Ed Stoute

Item

Title

Ed Stoute

Description

Ed Stoute’s talks about his experience as a pianist and a bandleader in Brooklyn, New York. Stoute grew up in Bedford-Stuyvesant and attended the East New York Vocational High School until his last year when he decided to quit to pursue music instead. He returned to finish his high school education when he was 30. He graduated from Brooklyn Technical High School.

Stoute recounts his music education from early childhood, when his older sister took piano lessons and his older brother took violin lessons at home. Stoute was self-taught and although he could not read music, he was playing the piano by ear and started to play gigs at 18 years old. His recalls that his interest in jazz began when he heard Stan Keaton, Bird, and especially Bud Powell records played in his home. Stoute would go to jam sessions in the home of his friends. Kenny Dorham lived nearby Hancock St. and other professional musicians were living in the area.
Stoute names and describes many of the clubs and jazz sites in Brooklyn at the time, such as Continental, Tip Top, Berry Brothers, Moulin Rouge, Baby Grand. He also talks about the various jazz musicians who played there, such as Miles Davis, Walter Bishop, Red Garland among many others. Stoute started going to these clubs as soon as his age permitted, at 18. He describes the typical evening program at Moulin Rouge and his experience playing there. Stoute had one of his earliest gigs at the Baby Grand in the 1960s. He talks at length about who played at the various jazz sites and the atmosphere there. Stoute also talks about drug use among musicians.

Stoute was drafted into the army and he came back at the age of 25. He talks about his day jobs, such as loading mail trucks. Stoute admits that after he left the army is when he started to develop as a musician. He attended the Harnett Music Studio where he learned how to compose music, which he had already been doing by ear. At the same time, he was playing gigs at the Baby Grand.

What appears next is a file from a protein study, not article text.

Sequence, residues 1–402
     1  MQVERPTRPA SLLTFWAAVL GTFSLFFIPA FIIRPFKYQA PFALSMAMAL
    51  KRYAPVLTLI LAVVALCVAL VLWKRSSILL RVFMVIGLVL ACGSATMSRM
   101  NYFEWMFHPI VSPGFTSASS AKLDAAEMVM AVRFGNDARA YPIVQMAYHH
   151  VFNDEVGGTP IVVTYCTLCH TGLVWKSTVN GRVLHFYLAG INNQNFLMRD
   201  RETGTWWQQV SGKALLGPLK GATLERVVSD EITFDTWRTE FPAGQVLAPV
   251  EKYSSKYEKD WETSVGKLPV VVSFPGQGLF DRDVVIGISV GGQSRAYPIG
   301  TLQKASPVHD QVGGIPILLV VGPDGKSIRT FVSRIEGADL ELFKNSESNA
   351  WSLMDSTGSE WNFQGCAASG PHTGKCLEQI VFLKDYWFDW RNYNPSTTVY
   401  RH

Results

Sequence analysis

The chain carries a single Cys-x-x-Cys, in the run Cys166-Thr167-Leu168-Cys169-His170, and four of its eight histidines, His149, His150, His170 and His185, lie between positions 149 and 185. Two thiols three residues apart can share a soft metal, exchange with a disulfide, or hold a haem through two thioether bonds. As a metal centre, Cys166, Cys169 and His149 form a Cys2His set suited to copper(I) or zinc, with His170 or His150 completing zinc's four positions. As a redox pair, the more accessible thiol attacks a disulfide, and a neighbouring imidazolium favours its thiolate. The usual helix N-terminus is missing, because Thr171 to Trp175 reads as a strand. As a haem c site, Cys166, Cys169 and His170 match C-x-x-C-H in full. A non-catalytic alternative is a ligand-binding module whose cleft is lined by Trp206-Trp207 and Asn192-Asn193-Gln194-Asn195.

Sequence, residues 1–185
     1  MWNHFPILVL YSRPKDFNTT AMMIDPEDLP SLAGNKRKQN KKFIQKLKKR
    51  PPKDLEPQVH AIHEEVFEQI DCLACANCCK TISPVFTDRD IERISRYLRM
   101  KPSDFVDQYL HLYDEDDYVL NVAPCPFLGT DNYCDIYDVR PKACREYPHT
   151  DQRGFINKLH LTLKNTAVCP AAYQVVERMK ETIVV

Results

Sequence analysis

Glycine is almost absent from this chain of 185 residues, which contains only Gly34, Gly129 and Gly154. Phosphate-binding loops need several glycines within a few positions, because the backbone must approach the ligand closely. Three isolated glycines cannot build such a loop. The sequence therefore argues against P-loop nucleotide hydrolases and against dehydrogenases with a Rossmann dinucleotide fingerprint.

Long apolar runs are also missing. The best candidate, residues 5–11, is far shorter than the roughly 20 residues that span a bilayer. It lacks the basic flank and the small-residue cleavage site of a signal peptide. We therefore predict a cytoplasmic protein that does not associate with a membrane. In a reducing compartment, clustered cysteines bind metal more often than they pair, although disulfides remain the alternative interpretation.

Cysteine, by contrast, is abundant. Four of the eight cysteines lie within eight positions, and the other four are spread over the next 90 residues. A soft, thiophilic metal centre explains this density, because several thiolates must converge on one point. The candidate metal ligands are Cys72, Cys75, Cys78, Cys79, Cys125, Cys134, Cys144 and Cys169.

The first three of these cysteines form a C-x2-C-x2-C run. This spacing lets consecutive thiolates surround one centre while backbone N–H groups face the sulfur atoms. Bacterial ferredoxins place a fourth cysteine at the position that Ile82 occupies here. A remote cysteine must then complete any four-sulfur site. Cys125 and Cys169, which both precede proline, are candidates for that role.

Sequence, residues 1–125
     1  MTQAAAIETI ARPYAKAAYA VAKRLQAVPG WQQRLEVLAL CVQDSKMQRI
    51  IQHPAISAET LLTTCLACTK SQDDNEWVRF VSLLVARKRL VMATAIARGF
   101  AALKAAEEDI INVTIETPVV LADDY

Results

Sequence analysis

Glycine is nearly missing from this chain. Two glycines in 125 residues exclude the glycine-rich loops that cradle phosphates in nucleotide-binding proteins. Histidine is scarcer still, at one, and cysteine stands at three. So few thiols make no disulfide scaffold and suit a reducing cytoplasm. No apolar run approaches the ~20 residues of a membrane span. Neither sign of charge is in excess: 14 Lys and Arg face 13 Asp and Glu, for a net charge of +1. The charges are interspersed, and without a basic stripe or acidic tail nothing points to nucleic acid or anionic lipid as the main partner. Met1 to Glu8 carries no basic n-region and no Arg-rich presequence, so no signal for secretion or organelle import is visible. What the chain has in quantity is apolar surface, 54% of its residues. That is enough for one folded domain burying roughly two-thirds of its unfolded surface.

After his career at Baby Grand, he played at various sites in Boston, Toronto, Houston, Chicago, and Cleveland. Later on, he worked at the Blue Coronet in Brooklyn. Stoute discusses the transition of jazz in Brooklyn from the 1960s and 1970s onward. He remembers the decline of jazz clubs in the neighborhood after the 1970s, and attributes the difference to financial struggles of the time period.

At present, Stoute works with the Harlem Renaissance Jazz Orchestra; once a year, he plays at the Jazz 966 concerts.

Contributor

Willard Jenkins

Coverage

[1960s, 1970s, 2010]

Creator

Ed Stoute

Date

June 15, 2010

Identifier

2010.05.09

Language

English

Publisher

Weeksville Heritage Center

Subject

Brooklyn (New York, N.Y.)
Bedford-Stuyvesant (New York, N.Y.)
Bishop, Walter, 1927-1998
Brooklyn (New York, N.Y.)
Brooklyn Technical High School (Brooklyn, New York, N.Y.)
Davis, Miles
East New York (New York, N.Y.)
Jazz
Jazz musicians
Powell, Bud
African American jazz musicians
Dorham, Kenny, 1924-1972

interviewer

Willard Jenkins

interviewee

Ed Stoute

Location

Interviewee's Home
Brooklyn, N.Y.

Duration

54 minutes, 23 seconds

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